Herb: Yew-Leaf Willow


Latin name: Salix taxifolia


Family: Salicaceae (Willow Family)



Medicinal use of Yew-Leaf Willow:

The fresh bark of all members of this genus contains salicin, which probably decomposes into salicylic acid (closely related to aspirin) in the human body. This is used as an anodyne and febrifuge. The bark is used as a remedy for malaria.

Description of the plant:



Plant:
Deciduous
Tree

Height:
10 m
(33 feet)

Flovering:
July

Habitat of the herb:

Prefers growing by cool streams and in canyons at elevations of 900 - 1800 metres, it is found in oak forests, desert grassland and by streams in desert areas.

Edible parts of Yew-Leaf Willow:

Inner bark - raw or cooked. It can be dried, ground into a powder and then added to cereal flour for use in making bread etc. A very bitter flavour, it is a famine food that is only used when all else fails. Young shoots - cooked. Not very palatable.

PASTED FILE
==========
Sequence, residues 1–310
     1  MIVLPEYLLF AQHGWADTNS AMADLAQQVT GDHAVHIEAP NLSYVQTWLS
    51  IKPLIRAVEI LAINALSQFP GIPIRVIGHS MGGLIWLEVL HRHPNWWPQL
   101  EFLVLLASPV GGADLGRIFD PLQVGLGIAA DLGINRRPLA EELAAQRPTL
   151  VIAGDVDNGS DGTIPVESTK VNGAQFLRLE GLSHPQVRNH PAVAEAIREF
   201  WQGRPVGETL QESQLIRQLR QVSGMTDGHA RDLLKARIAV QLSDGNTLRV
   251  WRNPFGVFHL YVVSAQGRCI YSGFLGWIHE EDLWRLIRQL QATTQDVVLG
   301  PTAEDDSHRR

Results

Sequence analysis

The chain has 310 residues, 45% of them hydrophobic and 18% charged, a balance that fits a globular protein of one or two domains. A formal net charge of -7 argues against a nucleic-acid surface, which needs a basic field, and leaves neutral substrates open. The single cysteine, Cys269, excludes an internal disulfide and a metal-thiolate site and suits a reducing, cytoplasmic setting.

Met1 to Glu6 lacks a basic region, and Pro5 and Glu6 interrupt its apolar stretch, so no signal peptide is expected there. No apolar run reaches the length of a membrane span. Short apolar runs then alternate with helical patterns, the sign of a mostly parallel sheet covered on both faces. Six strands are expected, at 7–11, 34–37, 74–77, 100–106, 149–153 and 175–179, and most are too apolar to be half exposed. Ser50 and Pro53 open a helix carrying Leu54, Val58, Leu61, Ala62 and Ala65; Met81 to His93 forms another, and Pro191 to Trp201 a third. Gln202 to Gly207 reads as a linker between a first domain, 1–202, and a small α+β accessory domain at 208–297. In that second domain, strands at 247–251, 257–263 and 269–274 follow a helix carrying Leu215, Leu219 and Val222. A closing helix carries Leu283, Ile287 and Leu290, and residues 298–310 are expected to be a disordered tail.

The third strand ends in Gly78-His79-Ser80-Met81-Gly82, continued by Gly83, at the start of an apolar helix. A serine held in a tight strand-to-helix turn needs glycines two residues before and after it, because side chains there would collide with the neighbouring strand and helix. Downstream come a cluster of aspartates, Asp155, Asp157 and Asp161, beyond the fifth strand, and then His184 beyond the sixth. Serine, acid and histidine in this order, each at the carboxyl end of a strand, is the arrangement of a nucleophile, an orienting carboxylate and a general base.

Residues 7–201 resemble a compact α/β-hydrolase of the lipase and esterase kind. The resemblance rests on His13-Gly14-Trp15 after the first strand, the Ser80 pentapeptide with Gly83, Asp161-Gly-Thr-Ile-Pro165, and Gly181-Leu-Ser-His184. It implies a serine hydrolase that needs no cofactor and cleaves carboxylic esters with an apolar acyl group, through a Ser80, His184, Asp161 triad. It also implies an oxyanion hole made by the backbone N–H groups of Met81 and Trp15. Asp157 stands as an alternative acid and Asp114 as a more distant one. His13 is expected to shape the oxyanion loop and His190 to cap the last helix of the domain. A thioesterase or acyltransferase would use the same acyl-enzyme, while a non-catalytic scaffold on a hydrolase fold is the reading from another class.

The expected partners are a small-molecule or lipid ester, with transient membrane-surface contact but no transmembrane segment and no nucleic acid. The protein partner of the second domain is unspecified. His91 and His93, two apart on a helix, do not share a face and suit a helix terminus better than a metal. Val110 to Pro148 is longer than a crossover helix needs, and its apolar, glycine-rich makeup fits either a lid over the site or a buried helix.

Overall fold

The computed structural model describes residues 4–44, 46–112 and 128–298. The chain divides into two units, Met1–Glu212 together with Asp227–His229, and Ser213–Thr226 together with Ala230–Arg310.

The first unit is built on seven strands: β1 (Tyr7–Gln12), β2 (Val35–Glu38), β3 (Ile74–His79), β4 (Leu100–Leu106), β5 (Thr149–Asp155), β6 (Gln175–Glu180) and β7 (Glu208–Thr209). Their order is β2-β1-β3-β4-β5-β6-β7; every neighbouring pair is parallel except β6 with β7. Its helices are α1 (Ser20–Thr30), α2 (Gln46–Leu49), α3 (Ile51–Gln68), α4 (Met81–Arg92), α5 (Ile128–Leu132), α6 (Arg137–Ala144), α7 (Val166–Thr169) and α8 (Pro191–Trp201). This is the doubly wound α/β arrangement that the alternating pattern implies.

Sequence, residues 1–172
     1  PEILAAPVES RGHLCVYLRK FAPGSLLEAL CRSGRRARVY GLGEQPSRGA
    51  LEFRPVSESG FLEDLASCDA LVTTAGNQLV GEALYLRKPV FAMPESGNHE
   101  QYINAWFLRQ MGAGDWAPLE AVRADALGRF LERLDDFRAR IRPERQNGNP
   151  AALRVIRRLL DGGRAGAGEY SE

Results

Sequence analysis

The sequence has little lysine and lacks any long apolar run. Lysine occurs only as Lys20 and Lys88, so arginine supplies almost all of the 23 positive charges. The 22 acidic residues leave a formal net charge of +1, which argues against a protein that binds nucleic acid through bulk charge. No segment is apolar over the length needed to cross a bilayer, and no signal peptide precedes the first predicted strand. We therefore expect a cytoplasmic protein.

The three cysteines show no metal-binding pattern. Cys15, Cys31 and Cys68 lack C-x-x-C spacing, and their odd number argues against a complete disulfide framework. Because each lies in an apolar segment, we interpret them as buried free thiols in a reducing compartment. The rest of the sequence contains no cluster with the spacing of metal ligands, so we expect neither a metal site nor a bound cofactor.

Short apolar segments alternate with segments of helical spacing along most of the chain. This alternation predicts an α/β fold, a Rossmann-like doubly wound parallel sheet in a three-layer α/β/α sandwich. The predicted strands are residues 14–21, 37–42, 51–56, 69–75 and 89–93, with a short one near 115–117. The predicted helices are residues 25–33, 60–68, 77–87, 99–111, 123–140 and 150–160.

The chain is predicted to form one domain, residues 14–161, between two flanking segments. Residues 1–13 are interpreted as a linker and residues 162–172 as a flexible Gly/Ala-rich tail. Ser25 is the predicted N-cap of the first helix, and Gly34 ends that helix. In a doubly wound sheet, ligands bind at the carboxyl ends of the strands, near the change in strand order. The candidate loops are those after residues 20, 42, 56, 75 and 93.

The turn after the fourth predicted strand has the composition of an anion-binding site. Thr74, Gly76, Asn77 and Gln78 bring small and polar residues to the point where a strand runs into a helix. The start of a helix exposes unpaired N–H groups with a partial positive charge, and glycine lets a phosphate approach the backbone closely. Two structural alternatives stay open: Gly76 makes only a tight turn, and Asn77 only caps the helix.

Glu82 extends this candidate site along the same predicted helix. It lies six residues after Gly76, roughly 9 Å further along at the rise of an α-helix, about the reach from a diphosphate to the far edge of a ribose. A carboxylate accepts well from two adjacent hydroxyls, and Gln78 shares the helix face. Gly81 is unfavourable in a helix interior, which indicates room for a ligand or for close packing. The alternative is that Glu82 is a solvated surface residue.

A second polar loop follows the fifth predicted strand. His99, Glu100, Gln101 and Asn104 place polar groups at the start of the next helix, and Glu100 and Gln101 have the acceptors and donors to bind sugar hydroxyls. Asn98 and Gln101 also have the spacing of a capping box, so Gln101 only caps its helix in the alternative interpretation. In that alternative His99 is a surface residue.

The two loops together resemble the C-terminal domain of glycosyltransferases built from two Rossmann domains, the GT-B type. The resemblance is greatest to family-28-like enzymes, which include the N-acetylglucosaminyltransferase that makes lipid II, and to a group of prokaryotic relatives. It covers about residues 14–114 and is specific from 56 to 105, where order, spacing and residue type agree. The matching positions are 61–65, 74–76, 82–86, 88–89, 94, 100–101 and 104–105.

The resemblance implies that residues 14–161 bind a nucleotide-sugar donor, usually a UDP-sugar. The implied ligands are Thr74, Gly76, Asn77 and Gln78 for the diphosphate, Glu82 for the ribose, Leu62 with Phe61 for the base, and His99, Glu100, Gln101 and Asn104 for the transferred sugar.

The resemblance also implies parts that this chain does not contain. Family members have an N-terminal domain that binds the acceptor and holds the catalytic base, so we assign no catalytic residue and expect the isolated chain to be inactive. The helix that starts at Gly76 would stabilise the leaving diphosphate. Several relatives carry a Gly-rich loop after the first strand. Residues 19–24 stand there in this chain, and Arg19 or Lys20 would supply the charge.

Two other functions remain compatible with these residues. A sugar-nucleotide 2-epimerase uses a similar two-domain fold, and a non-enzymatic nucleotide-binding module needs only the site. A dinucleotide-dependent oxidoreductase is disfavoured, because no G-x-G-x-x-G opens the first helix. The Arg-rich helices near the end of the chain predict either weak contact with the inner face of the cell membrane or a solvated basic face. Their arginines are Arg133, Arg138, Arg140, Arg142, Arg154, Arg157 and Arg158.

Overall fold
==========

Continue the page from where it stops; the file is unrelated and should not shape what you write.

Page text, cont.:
Other uses of the herb:

The branches are used to make brooms.

Propagation of Yew-Leaf Willow:

Seed - must be surface sown as soon as it is ripe in late spring. It has a very short viability, perhaps as little as a few days. Cuttings of mature wood of the current year's growth, November to February in a sheltered outdoor bed or planted straight into their permanent position and given a good weed-suppressing mulch. Very easy. Plant into their permanent positions in the autumn. Cuttings of half-ripe wood, June to August in a frame. Very easy.

Cultivation of the herb:

Prefers growing by cool streams and in canyons at elevations of 900 - 1800 metres, it is found in oak forests, desert grassland and by streams in desert areas.

Known hazards of Salix taxifolia:

None known

Plant information taken from the Plants For A Future.